A soup without meat, and delicious.
I was taught how to make this soup by a Frenchwoman; and it will be found a valuable addition to one's culinary knowl-edge. It is a good Friday soup.
Put into a saucepan butter size of a pigeon's egg. Clarified grease, or the cakes of fat saved from the top of stock, or soup (I always use the latter), answer about as well. When very hot, add two or three large onions, sliced thin; stir, and cook them well until they are red; then add a full half-tea-cupful of flour. Stir this also until it is red, watching it constantly, that it does not burn. Now pour in about a pint of boiling water, and add pepper and salt. Mix it well, and let it boil a minute; then pour it into the soup-kettlee, and place it at the back of the range until almost ready to serve. Add then one and a half pints or a quart of boiling milk, and two or three well-mashed boiled potatoes. Add to the potatoes a little of the soup at first, then more, until they are smooth, and thin enough to put into the soup-kettle. Stir all well and smoothly togeth-er; taste, to see if the soup is properly seasoned with pepper and salt, as it requires plenty, especially of the latter. Let it simmer a few moments. Put pieces of toasted bread (a good way of using dry bread), cut in diamond shape, in the bottom of the tureen. Pour over the soup, and serve very hot. Or,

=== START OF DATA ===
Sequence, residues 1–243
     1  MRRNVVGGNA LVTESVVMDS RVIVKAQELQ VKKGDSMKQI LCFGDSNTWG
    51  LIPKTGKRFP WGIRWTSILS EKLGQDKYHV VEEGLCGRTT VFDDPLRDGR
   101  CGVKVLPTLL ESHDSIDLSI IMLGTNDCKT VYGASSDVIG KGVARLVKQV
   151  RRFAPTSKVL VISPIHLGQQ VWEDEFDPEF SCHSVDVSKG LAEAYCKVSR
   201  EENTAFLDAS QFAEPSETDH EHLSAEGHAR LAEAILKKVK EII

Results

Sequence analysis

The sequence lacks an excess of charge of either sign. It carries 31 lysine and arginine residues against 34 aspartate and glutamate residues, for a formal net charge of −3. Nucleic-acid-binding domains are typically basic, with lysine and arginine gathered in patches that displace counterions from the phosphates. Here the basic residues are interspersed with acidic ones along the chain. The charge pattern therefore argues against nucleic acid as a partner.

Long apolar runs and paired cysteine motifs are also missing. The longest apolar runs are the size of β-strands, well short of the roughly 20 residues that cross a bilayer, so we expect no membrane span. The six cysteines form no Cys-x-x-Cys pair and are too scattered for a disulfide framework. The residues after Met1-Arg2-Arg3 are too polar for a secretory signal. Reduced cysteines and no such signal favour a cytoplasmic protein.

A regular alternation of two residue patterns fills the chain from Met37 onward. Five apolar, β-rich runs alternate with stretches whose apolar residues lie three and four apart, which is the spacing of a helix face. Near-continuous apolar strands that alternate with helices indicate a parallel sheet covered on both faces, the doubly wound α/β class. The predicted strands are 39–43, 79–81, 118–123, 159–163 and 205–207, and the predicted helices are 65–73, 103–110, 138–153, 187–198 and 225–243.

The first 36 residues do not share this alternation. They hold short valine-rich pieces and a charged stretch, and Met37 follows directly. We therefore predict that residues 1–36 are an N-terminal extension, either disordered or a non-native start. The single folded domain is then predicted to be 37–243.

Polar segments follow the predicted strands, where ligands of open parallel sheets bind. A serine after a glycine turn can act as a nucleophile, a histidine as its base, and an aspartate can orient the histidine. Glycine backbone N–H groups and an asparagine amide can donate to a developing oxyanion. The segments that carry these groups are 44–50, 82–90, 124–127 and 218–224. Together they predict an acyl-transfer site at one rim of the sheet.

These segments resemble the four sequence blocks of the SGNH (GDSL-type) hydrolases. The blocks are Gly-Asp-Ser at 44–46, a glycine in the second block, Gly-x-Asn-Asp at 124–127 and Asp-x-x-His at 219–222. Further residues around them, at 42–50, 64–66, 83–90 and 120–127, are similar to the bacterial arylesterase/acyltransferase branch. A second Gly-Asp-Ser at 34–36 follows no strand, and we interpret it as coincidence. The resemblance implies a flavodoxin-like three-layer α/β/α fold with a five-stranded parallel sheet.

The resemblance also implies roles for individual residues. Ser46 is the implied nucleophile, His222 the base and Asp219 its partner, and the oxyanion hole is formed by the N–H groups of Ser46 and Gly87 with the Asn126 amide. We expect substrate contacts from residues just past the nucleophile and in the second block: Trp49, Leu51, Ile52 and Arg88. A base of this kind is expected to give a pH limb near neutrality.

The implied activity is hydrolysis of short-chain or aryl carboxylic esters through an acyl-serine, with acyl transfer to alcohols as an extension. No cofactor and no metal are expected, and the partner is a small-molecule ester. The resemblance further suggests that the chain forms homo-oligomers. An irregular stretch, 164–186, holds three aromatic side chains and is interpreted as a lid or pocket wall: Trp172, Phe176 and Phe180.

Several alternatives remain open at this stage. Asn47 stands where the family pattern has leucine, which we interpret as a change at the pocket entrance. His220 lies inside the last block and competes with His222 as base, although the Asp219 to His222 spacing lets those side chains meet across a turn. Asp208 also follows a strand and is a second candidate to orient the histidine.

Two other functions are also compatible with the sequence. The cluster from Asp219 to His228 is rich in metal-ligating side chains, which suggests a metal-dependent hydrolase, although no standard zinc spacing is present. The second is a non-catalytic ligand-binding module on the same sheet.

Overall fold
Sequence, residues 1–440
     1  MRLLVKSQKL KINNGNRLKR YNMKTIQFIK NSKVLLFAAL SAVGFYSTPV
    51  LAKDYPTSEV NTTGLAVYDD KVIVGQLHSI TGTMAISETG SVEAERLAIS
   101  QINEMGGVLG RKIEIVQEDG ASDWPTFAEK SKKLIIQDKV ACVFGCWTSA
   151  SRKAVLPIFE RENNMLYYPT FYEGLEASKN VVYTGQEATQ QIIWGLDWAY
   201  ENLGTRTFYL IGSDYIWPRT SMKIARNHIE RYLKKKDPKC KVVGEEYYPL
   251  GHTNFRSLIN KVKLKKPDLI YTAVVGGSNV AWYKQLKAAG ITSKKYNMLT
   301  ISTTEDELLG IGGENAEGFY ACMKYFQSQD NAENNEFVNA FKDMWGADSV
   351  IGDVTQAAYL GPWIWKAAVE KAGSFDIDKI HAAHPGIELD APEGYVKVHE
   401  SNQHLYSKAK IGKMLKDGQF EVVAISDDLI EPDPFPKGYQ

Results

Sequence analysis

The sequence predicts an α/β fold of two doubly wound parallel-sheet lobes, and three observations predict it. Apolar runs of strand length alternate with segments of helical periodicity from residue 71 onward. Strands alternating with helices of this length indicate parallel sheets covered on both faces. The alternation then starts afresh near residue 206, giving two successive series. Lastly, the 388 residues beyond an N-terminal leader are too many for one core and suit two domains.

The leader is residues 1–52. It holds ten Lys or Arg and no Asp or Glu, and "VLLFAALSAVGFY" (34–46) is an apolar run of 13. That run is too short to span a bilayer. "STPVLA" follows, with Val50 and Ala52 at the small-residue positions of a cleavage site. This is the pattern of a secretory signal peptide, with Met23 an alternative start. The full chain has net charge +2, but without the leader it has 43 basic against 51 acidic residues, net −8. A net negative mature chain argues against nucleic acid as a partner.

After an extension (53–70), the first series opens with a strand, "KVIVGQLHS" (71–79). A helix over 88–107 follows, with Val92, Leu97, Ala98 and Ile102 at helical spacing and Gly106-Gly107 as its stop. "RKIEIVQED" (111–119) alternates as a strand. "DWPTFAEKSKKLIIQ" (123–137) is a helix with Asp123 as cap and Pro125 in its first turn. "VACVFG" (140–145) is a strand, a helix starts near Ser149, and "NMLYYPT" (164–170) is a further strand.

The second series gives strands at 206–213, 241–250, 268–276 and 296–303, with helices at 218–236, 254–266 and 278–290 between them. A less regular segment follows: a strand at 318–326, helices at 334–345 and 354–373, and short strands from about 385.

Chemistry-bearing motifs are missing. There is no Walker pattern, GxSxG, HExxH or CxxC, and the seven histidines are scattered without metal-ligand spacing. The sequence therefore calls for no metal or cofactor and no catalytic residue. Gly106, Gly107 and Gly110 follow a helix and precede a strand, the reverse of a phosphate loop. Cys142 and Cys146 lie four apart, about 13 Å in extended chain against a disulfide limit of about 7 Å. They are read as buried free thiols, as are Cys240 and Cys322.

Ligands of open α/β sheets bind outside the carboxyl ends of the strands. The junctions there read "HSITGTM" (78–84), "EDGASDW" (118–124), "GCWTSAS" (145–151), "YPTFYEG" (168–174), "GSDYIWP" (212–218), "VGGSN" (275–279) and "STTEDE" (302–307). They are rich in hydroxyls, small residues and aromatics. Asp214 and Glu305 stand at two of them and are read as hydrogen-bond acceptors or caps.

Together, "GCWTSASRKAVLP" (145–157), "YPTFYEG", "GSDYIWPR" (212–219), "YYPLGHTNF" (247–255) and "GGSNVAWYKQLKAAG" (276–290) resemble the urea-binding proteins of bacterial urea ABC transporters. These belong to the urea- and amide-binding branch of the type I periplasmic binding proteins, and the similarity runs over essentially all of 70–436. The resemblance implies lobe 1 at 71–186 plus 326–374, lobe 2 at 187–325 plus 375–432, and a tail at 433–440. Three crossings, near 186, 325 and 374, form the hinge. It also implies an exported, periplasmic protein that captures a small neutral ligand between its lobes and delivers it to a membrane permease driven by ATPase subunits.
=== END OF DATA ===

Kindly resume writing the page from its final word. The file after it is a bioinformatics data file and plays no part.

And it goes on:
This soup might be made without potatoes, if more conven-ient, using more flour, and all milk instead of a little water. However, it is better with the potato addition; or it is much improved by adding stock instead of water; or, if one should chance to have a boiled chicken, the water in which it was boiled might be saved to make this soup.